There are other myths people might be telling you, or you might read somewhere that can keep you away from optimal work flow process.

Another example is: “I can do it all alone”. There are a lot you can do, but sometimes you need help of others so don’t feel abashed, confused or embarrassed to look for help from colleagues, friends or whoever you can. Don’t try everything before asking for professional advice. Don’t try pulling the carriage all alone but rather look where you can use knowledge of others and offer your help in return. Don’t be a lone wolf.
These are only two examples, but I’m sure there is a ton more. You can share your own in comments.

Say no to the perfect conditions

balance

That will never happen. If you are getting tired after the first 10 minutes of work that can mean two things: either it’s not your day (get more sleep, jump a little bit and roll on your back). Or – you hate your current task so much that you are exhausted from the inner fight or having to keep yourself chained to the damned working activity. If you hate it but cannot drop it at this very moment (a client is waiting for your report, article etc.) stop the work for a few minutes and meditate – think of the whole situation it as a life exam (that will not last long for various reasons), imagine yourself doing your best and finishing it.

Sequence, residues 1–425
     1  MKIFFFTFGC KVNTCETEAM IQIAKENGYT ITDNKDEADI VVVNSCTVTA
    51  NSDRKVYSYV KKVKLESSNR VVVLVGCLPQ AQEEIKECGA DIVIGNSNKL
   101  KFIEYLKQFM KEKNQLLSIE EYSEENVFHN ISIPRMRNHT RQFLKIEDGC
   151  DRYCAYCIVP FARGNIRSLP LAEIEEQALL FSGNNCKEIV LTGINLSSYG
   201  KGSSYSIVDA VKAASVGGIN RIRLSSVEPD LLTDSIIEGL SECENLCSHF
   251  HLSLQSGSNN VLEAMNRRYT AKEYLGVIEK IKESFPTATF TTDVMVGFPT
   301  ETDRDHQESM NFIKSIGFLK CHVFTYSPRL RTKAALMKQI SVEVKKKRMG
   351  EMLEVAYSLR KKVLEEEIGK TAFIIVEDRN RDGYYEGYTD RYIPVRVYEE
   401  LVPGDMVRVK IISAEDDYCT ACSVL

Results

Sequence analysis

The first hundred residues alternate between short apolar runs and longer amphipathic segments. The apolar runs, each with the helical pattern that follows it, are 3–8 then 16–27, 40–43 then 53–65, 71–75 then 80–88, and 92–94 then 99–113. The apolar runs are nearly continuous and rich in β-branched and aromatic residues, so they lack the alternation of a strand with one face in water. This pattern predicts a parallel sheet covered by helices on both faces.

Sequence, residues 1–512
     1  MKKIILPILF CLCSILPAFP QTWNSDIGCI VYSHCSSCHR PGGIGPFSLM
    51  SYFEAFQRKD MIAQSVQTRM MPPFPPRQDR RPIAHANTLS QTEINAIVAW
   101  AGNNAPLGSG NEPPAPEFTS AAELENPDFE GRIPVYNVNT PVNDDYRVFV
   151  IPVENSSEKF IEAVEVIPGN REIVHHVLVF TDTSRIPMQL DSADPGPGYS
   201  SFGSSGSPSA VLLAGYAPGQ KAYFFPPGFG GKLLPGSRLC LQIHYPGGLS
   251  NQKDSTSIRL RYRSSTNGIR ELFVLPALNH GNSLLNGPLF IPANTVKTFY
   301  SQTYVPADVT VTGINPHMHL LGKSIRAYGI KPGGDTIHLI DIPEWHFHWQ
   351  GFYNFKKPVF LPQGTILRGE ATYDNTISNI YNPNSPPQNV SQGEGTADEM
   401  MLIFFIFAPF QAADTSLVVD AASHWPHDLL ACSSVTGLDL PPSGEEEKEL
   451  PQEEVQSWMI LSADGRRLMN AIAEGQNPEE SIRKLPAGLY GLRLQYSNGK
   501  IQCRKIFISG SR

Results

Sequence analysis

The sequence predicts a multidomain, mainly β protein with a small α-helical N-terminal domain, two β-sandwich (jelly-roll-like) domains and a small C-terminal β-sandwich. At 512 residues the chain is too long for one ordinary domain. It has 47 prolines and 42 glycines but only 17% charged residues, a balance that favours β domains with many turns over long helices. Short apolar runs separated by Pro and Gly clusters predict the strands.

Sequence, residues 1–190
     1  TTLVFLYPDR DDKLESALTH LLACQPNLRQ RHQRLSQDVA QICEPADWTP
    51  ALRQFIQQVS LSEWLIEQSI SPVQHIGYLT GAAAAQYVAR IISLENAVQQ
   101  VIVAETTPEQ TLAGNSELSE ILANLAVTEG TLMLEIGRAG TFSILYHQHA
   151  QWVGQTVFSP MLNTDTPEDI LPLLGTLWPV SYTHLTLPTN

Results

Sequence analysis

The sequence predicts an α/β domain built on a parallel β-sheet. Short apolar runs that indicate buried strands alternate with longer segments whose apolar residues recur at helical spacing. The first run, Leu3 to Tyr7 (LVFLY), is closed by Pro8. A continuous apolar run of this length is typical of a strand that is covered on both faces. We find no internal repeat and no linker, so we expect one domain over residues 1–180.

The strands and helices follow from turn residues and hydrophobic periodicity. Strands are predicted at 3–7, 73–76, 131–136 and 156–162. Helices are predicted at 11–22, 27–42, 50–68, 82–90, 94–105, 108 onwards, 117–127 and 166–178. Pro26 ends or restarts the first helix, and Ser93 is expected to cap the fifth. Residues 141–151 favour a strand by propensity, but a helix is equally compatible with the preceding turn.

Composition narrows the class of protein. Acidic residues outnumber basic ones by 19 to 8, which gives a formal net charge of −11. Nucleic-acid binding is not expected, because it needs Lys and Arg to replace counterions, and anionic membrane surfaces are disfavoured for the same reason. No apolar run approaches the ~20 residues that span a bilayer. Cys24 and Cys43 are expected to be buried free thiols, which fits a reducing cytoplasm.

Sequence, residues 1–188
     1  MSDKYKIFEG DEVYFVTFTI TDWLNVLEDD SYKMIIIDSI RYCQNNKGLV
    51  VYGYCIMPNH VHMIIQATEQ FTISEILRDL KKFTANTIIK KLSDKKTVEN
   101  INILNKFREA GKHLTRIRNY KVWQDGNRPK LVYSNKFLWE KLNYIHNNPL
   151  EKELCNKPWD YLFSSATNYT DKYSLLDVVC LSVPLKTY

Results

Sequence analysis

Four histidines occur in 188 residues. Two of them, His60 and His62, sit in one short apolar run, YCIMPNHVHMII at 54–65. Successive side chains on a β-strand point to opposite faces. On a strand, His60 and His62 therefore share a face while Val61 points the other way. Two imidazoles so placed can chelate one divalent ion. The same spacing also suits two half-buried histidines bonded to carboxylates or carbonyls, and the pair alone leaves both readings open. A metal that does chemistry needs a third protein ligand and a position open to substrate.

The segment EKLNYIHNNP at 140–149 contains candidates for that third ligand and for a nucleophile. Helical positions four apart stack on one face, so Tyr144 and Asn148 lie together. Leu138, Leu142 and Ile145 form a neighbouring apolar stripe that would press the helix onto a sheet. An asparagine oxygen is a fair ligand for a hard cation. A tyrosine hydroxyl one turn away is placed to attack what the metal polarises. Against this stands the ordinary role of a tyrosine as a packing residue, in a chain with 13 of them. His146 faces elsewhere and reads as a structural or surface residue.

Now it is the third phase of the day called “family time”

bear mom
There is a joke: “do you also call the day when you clean, cook and tidy up – your day off?”

Family-time is when your kids get back from schools-kindergartens-nurseries-playgrounds. It’s not necessarily evening and you’re not necessarily ready for the switch from “serious” brain work to the “light” brain work (playing, jumping, talking, soothing, controlling etc.). Here are some tricks I use to guarantee soft landing from “work” to “home”: